From Singapore to Melaka (Malacca)
26.11.2012 - 29.11.2012
The journey from Singapore city into Malaysia is very simple - buy your ticket at the bus station near the Raffles Hospital, hop on board and wait. Pretty saoon after leaving the city centre you can see the long causeway/bridge that crosses the Straits of Johor, the newest gateway into Malaysia.
After going through the usual customs formalities the bus continues on to Kuala Lumpur via Melaka, which was where your scribe opted to alight for a few days. Whilst in Singapore a couple of people had told me that Melaka was not worth visiting and that I should head straight to the Capital but, me being me, I decided to delay my trip to KL and experience a smaller town. It turns out that Melaka is actually quite a fair size so I was somewhat surprised to find very little competition for my custom at the bus station - only one guy touting his pad in fact. After his spiel about running the cleanest, most popular and best value acommodation in town (complete with ring-binder file full of photos and blurb) and that, as I was on the late bus, there would be no other hostel owners coming for the rest of the day. Having just left the bus I sought refuge, some thinking time and a coffee at the fast food place in the bus station. Some 30 minutes later I was wandering around the now deserted bus station seeking out mine host who had, true to his word, remained nearby. Thus it was that I ended up at Ajid's "Travellers Planet" homestay.
My room was an internal one with the only window opening on to the corridor to the communal facilities so, despite having a ceiling fan, it was always pretty hot in there - my own little night time sauna. The communal areas were as pictured in his publicity folder with light and airy spaces and on-the-floor seating but the pictures were obviously taken just after decoration which appears to have been several years ago. That said our host was super friendly, knowledgeable and helpful and his liking for various recreational and exotic substances was glaringly obvious. Like the eclectic environment (a relaxed muslim/european fusion) the clientele turned out to be equally diverse - Luce the delightfully challenging french madamoiselle, Nils the tall german fella, Doug the (very) old colonial perv and Moja, a delightfully innocent and enthusiastic rastafarian Japanese lad (true!!)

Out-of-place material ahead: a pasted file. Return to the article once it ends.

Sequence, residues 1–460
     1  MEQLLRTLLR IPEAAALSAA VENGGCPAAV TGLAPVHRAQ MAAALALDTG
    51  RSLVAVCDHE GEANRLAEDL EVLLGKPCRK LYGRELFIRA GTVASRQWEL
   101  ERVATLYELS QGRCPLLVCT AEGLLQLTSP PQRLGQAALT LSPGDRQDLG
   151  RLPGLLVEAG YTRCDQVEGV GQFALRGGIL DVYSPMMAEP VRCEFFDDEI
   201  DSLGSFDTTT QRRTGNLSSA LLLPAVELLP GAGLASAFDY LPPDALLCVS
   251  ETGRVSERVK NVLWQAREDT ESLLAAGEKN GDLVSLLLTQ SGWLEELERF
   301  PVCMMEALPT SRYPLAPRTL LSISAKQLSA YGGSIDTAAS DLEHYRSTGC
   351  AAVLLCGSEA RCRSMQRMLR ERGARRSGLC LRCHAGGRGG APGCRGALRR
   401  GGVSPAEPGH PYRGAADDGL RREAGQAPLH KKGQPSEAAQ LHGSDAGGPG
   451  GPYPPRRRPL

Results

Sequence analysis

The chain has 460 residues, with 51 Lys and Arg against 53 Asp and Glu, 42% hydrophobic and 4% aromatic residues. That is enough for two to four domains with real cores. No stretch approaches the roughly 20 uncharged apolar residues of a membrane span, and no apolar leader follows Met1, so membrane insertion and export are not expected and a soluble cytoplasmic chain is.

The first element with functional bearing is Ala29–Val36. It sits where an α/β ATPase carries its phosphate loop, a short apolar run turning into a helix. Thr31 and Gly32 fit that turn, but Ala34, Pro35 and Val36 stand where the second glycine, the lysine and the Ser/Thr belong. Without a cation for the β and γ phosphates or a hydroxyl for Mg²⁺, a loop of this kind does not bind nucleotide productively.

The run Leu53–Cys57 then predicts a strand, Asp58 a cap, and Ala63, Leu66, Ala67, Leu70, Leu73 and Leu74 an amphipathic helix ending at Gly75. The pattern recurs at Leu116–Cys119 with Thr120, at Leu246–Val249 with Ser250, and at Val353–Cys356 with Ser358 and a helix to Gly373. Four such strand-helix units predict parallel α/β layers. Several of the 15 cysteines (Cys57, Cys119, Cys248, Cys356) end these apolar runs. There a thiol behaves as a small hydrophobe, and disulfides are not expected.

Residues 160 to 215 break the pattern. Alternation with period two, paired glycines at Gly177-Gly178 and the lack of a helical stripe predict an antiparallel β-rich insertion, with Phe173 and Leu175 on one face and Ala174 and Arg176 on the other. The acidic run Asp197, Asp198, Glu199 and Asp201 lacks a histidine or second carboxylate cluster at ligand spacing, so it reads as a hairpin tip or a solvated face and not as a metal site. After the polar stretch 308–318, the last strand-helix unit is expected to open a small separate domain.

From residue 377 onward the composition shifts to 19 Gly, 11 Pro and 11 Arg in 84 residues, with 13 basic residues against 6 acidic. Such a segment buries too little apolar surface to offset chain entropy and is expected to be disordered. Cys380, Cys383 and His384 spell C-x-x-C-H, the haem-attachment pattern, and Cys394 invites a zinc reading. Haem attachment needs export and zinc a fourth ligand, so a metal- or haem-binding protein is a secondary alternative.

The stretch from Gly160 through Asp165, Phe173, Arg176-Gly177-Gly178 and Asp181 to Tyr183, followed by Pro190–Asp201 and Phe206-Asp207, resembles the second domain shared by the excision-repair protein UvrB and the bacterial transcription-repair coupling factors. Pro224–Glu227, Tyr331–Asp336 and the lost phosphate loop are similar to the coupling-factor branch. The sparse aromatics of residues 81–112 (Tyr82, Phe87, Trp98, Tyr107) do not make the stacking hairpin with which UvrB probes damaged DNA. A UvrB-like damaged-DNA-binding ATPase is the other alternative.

In the early afternoon I decided to do my usual "first day, find my bearings" stroll around town, accompanied by Moja. The first thing that hit me was how damned hot and humid it was and within minutes my damp tee shirt bore testament to this. The homestay is conveniently situated for such a perambulatory excursion, being just off the town square and close to the river (complete with a full sized replica sailing ship docked near its mouth), the ancient fort ruins, the big old church on the hill, some original settlement red Dutch buildings and the iconic clock tower. Even chinatown and the coast are relatively nearby. After taking in most of the inland sights it was back to the abode for some fan time and a meal in one of the cheap and cheerful eateries around the block.